To the Editor:
Junk cluttered on property amidst overgrowth of weeds and brush is not a treasured “regional flavor.” Nor is it iconic in any sense of “western” or “cowboy.” To the contrary, negligence of such sort only reinforces the crudely cartoonish characterizations of rural people general.
Historically, such characterization of rural people as “lesser than city folks” has been applied to politically neutralize public sympathy that otherwise would weigh government policies more in recognition of how vital to national economic health and character are the occupations of — and lifestyle — of rural people.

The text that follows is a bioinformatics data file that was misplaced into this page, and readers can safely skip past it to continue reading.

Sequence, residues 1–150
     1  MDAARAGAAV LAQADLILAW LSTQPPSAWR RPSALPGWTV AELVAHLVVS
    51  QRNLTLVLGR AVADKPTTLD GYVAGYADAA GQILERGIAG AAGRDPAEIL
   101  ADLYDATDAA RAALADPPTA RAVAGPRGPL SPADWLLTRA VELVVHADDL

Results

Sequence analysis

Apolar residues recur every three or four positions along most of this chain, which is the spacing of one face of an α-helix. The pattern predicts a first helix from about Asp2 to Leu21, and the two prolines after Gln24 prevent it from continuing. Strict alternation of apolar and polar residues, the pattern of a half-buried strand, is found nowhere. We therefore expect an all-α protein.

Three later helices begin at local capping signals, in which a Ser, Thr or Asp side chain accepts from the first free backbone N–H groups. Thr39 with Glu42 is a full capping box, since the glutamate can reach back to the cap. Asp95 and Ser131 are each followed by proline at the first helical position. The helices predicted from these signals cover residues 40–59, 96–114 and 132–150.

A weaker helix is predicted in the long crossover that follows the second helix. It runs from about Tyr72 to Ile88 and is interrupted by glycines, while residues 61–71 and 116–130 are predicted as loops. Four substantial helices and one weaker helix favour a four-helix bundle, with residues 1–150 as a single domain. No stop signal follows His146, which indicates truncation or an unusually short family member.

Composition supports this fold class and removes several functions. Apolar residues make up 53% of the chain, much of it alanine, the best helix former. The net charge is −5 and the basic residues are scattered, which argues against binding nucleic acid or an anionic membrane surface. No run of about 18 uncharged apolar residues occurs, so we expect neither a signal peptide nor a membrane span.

Junk and clutter are not heroic bulwarks against “uppity influence.” It is instead passive aggression against the community. Behavior-wise, as adolescent as that of a rebellious teenager refusing to clean up his or her room.
Worse, though, it reinforces all the discrediting characterizations that have politically victimized rural people since the late 19th century — which then they mobilized to fight by forming the Grange System.